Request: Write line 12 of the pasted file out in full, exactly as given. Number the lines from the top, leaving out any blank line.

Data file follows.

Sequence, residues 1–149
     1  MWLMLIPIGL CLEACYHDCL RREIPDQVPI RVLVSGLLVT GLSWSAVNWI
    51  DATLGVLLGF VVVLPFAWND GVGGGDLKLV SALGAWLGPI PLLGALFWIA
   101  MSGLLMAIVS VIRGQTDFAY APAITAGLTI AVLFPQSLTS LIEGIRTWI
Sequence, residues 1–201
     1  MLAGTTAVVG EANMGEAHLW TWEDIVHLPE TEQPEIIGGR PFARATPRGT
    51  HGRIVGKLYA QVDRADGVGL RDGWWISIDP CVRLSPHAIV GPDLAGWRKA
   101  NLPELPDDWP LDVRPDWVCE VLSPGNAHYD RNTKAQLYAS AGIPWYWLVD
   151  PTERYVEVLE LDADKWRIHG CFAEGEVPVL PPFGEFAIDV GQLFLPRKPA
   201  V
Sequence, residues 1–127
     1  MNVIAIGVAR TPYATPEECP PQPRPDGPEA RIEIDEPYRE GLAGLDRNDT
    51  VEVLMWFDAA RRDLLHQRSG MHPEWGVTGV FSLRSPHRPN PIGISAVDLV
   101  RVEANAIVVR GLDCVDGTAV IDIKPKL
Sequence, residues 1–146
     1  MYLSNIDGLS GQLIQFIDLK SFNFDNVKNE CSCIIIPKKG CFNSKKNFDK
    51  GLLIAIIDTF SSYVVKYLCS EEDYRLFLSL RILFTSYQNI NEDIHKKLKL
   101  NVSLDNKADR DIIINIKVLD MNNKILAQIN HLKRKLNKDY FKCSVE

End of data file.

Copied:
     1  MNVIAIGVAR TPYATPEECP PQPRPDGPEA RIEIDEPYRE GLAGLDRNDT